Don’t Inadvertently Create COBRA Liability

As the COVID-19 crises continues, I am receiving more and more calls to assist businesses in downsizing, either through layoffs or significant reduction in hours.

There are so many moving parts in that process that it can be easy to lose sight of your obligations under COBRA, and that can lead to expensive mistakes. 

Both the Department of Labor and Internal Revenue Service have the authority to impose civil penalties if employers fail to provide compliant COBRA notices. The DOL can impose civil penalties up to $110 per day per person and the IRS can impose an excise tax of $100 a day per beneficiary and $200 a day per family, until employees receive an adequate notice.  

In addition, employers can face literally millions of dollars in damages in class action litigation. Just last week, a Fortune 500 company settled a class action lawsuit relating to deficient COBRA election notices for US$1.6 million dollars. More than two dozen class action COBRA notice lawsuits have been filed year to date, and we expect many more to be filed as the courts open up for business.  

You will notice that I refer to compliant, adequate and deficient notice. That is because merely providing notice is not enough; employers must provide the specific notice required in the Act.  

The COBRA notice requirements are fairly clear. An employer subject to COBRA is required to notify its group health plan administrator within 30 days after an employee suffers a qualifying event. Within 14 days of that notification, the plan administrator must notify the individual of his COBRA rights. If the employer is also the plan administrator and issues COBRA notices directly, the employer has 44 days to issue the COBRA notice.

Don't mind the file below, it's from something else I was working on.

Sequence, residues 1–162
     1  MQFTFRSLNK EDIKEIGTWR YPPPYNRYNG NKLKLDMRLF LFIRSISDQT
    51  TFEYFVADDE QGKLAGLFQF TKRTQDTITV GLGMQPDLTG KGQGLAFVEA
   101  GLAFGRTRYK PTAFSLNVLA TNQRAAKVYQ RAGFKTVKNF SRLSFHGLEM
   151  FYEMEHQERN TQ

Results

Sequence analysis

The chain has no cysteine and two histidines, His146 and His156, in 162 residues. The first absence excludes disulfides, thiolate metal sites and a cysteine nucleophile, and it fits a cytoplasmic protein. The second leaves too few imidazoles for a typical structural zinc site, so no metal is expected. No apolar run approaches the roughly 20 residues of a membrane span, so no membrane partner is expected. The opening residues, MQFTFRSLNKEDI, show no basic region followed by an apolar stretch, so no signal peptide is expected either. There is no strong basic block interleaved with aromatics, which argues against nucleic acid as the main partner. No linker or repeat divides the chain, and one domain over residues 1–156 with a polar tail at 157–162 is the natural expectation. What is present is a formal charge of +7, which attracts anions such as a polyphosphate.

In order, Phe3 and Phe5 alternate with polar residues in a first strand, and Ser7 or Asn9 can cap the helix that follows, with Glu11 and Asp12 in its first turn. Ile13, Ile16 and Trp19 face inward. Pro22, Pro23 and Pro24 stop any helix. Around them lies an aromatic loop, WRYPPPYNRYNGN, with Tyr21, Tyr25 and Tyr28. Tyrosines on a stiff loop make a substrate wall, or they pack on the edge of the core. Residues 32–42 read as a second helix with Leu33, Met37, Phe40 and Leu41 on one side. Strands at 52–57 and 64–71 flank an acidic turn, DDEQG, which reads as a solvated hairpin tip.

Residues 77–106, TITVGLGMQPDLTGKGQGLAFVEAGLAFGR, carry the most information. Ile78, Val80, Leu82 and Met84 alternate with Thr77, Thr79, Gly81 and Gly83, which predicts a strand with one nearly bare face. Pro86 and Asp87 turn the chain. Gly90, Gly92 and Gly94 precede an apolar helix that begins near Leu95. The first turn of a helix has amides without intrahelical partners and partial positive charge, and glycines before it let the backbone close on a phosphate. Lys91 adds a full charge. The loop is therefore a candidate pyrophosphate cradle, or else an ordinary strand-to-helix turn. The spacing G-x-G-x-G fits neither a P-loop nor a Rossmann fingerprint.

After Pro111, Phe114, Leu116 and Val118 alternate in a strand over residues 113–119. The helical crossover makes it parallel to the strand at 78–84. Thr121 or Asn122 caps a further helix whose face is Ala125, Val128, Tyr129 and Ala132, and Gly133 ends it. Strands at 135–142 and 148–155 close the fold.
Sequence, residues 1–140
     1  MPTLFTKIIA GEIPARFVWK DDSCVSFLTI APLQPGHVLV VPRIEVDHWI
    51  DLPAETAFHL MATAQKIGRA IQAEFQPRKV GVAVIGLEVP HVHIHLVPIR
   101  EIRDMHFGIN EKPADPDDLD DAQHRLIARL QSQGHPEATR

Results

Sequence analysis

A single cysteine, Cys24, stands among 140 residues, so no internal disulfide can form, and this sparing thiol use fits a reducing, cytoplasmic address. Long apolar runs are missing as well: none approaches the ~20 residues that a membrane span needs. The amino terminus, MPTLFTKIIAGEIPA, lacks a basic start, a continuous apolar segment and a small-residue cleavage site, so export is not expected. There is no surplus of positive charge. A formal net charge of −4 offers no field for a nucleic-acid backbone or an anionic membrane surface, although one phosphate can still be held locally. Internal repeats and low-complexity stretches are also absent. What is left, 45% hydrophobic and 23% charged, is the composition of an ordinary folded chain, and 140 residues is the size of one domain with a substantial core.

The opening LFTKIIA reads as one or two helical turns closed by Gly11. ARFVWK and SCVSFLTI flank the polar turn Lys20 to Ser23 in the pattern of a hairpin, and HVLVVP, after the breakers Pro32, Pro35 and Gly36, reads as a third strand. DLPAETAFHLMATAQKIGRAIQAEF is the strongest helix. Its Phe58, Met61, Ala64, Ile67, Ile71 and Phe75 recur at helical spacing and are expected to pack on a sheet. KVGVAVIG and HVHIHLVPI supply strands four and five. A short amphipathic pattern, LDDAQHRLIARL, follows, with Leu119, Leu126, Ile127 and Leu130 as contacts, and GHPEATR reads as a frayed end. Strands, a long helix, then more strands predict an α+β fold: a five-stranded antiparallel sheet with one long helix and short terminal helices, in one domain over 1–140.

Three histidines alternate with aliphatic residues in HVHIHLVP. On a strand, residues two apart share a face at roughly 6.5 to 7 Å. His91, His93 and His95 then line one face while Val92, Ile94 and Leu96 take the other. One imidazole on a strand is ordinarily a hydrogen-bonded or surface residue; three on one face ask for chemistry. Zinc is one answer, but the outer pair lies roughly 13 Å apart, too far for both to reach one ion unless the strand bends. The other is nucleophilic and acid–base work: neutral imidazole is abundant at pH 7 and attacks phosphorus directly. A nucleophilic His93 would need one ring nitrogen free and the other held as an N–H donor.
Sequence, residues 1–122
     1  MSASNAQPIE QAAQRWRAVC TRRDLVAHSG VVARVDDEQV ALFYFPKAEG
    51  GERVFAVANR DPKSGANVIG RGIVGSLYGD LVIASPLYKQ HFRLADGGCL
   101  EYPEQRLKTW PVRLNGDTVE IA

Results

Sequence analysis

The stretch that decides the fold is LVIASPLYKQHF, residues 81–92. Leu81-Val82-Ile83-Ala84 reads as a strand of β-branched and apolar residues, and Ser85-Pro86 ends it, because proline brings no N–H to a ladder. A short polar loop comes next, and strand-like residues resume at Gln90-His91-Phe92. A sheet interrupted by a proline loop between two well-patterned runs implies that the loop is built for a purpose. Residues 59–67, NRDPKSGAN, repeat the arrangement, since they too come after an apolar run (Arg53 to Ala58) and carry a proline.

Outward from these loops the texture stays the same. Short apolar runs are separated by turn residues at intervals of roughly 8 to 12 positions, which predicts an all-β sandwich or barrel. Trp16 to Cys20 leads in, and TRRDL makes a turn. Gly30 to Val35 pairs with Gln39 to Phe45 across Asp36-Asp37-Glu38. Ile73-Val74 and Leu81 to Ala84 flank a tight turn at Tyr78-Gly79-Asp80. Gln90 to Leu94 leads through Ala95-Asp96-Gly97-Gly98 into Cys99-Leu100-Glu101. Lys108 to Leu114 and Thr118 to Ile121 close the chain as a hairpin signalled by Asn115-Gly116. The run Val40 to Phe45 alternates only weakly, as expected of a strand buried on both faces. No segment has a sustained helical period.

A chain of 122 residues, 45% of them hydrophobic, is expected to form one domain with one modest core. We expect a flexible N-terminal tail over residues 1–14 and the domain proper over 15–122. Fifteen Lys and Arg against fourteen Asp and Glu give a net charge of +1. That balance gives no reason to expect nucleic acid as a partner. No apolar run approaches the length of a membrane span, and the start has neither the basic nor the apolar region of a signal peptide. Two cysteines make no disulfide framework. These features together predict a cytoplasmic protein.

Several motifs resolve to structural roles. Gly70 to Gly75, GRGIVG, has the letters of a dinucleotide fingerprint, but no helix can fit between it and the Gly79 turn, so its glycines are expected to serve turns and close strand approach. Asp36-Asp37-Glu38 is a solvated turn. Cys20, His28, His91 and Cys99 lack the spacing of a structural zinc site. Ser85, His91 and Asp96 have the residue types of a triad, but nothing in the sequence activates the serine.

COBRA election notices must be written in a manner calculated “to be understood by the average plan participant” and include: 

  • The name of the plan and the name, address, and telephone number of the plan’s COBRA administrator; (Several class action suits have been filed recently arguing that providing the general HR telephone number does not satisfy this element.)
  • Identification of the qualifying event;
  • Identification of the qualified beneficiaries (by name or by status);
  • An explanation of the qualified beneficiaries’ right to elect continuation coverage;
  • The date coverage will terminate (or has terminated) if continuation coverage is not elected;
  • How to elect continuation coverage;
  • What will happen if continuation coverage isn’t elected or is waived;
  • What continuation coverage is available, for how long, and (if applicable), how it can be extended for disability or second qualifying events;
  • How continuation coverage might terminate early;
  • Premium payment requirements, including due dates and grace periods;
  • A statement of the importance of keeping the plan administrator informed of any new addresses of qualified beneficiaries; and
  • A statement that the election notice does not fully describe COBRA or the plan and that more information is available from the plan administrator and in the summary plan description.

 Keep in mind that the use of a third-party administrator to issue COBRA notices does not mitigate an employer’s risk of noncompliance. You will be liable for the TPA’s failure. Ideally, employers should draft their agreements with their TPA’s to provide for indemnification of the employer for the TPA’s failure to comply with the current COBRA requirements.

If you act as your own plan administrator, the DOL has provided a model COBRA notice and considers use of the model notice to be good faith compliance with the general notice content requirements of COBRA.

As always, stay safe and don’t hesitate to call if you have any questions.

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